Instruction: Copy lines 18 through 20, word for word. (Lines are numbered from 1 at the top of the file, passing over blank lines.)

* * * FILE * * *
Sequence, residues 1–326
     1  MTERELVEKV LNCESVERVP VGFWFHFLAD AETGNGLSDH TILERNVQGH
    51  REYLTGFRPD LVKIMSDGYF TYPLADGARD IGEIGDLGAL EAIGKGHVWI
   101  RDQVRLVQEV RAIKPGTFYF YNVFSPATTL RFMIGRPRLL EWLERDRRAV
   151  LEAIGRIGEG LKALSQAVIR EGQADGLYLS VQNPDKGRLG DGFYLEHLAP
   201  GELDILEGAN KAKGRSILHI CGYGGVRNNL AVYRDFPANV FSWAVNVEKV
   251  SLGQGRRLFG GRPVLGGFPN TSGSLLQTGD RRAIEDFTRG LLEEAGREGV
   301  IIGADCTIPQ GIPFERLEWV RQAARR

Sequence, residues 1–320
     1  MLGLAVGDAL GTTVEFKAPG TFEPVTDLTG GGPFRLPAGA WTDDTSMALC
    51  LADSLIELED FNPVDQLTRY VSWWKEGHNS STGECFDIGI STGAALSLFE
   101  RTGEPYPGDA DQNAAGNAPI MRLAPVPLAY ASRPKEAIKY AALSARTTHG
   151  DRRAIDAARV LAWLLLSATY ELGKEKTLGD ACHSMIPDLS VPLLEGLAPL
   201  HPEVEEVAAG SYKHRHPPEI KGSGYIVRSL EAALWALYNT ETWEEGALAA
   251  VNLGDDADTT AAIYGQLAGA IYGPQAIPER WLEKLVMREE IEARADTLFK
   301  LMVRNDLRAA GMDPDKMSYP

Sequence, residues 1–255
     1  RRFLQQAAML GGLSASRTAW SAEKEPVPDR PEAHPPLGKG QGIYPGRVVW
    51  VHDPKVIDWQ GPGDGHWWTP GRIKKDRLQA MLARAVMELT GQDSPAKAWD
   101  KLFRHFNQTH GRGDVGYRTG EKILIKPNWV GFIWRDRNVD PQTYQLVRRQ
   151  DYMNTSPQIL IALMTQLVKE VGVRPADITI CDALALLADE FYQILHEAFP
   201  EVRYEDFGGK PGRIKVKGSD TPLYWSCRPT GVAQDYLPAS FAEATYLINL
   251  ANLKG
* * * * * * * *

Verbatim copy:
     1  RRFLQQAAML GGLSASRTAW SAEKEPVPDR PEAHPPLGKG QGIYPGRVVW
    51  VHDPKVIDWQ GPGDGHWWTP GRIKKDRLQA MLARAVMELT GQDSPAKAWD
   101  KLFRHFNQTH GRGDVGYRTG EKILIKPNWV GFIWRDRNVD PQTYQLVRRQ